2012 British Committee for Standards in Haematology

276. 2013 ACCF/AHA Guideline for the Management of ST-Elevation Myocardial Infarction Full Text available with Trip Pro

STEMI e397 10.1. Use of Noninvasive Testing for Ischemia Before Discharge: Recommendations e397 10.2. Assessment of LV Function: Recommendation e398 10.3. Assessment of Risk for SCD: Recommendation e398 11. Posthospitalization Plan of Care e399 11.1. Posthospitalization Plan of Care: Recommendations e399 11.1.1. The Plan of Care for Patients With STEMI e399 11.1.2. Smoking Cessation e399 11.1.3. Cardiac Rehabilitation e399 11.1.4. Systems of Care to Promote Care Coordination e399 12. Unresolved (...) in the subject under consideration are selected by the ACCF and AHA to examine subject-specific data and write guidelines in partnership with representatives from other medical organizations and specialty groups. Writing committees are asked to perform a formal literature review; weigh the strength of evidence for or against particular tests, treatments, or procedures; and include estimates of expected outcomes where such data exist. Patient-specific modifiers, comorbidities, and issues of patient preference

2012 American Heart Association

277. Oral antithrombotic agents for the prevention of stroke in nonvalvular atrial fibrillation

and the prevention of stroke in patients with stroke or transient ischemic attack (TIA), 5 we review recent trials testing the safety and effi- cacy of a thrombin inhibitor (dabigatran) and 2 factor Xa inhibitors (rivaroxaban and apixaban) in preventing stroke in patients with AF, and we revise management recom- mendations. 4,5 Recommendations follow the AHA’s and the American College of Cardiology’s methods of classifying the level of certainty of the treatment effect and the class of evidence (Table 1 (...) ), RIETE (Registro Informatizado de la Enfermedad Tromboemb´ olica), and ATRIA (Anticoagulation and Risk Factors in Atrial Fibrillation) scores have been developed A recommendation with Level of Evidence B or C does not imply that the recommendation is weak. Many important clinical questions addressed in the guidelines do not lend themselves to clinical trials. Although randomized trials are unavailable, there may be a very clear clinical consensus that a particular test or therapy is useful

2012 American Academy of Neurology

278. ST-Elevation Myocardial Infarction: Guideline For the Management of

. Hyperglycemia .e112 10. Risk Assessment After STEMI .e113 10.1. Use of Noninvasive Testing for Ischemia Before Discharge: Recommendations . .e113 10.2. Assessment of LV Function: Recommendation .e114 10.3. Assessment of Risk for SCD: Recommendation .e114 11. Posthospitalization Plan of Care .e114 11.1. Posthospitalization Plan of Care: Recommendations .e114 11.1.1. The Plan of Care for Patients With STEMI .e114 11.1.2. Smoking Cessation .e116 11.1.3. Cardiac Rehabilitation .e116 11.1.4. Systems of Care (...) evidence to develop balanced, patient-centric rec- ommendations for clinical practice. Experts in the subject under consideration are selected by the ACCF and AHA to examine subject-speci?c data and write guidelines in partnership with representatives from other medical organizations and specialty groups. Writing committees are asked to perform a formal literature review; weigh the strength of evidence for or against particular tests, treatments, or procedures; and include estimates of expected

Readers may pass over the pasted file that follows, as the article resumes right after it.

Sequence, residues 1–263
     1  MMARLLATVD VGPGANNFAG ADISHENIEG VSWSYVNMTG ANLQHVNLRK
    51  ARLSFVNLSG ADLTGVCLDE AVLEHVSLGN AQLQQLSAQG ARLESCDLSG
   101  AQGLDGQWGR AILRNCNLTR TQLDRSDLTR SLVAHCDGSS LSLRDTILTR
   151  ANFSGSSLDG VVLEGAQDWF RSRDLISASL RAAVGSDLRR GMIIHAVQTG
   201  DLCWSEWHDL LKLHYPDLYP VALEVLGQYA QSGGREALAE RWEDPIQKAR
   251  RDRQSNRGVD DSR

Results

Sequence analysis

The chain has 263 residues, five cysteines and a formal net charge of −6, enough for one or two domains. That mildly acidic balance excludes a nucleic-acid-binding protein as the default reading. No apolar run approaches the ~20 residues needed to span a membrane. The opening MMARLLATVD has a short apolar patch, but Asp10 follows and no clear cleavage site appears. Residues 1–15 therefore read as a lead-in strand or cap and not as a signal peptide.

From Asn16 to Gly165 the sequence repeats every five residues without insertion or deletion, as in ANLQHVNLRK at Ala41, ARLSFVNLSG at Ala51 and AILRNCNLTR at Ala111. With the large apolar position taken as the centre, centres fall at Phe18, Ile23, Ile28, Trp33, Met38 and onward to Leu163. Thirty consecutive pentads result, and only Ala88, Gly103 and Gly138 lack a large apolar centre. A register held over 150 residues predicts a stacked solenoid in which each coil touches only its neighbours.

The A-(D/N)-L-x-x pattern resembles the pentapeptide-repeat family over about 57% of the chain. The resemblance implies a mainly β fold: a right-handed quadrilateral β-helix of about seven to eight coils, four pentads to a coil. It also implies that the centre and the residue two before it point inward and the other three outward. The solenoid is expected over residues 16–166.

2012 American College of Cardiology

279. Recommendations for the Use of Mechanical Circulatory Support: Device Strategies and Patient Selection Full Text available with Trip Pro

walk test, with the majority (83%) of patients in New York Heart Association (NYHA) functional class I or II. Improvement in quality of life was also recorded in patients treated as BTT. This device showed improved durability, with pump replacement required in only 4% of patients. The MicroMed DeBakey, a continuous, axial-flow pump, is not approved by the FDA for use in adults but is available for use in children 5 to 16 years of age. Because of its small size, the MicroMed DeBakey provides (...) clinical trial and the later HeartMate II DT clinical trial supported the use of DT. In addition to improved survival, the majority of patients experience significant improvement in both functional status (NYHA classification and 6-minute walk tests) and quality of life (Minnesota Living With Heart Failure questionnaire and Kansas City Cardiomyopathy questionnaire) after MCS. In the HeartMate II DT clinical trial, 80% of patients had NYHA class I or II symptoms at 24 months and a doubling of the mean

2012 American Heart Association

280. Decision Making in Advanced Heart Failure

). ? Benefits and risks of noncardiac procedures should be reviewed in the context of competing risks for death and functional limitation attributable to heart failure (eg, hip replacement, repair of asymptomatic aortic aneurysm, or screening tests). ? Decisions for major cardiac and noncardiac interventions should include consideration of “what if” situations of unanticipated adversity. ? Referral to a palliative care team should be considered for assistance with difficult decision making, symptom man

2012 American Heart Association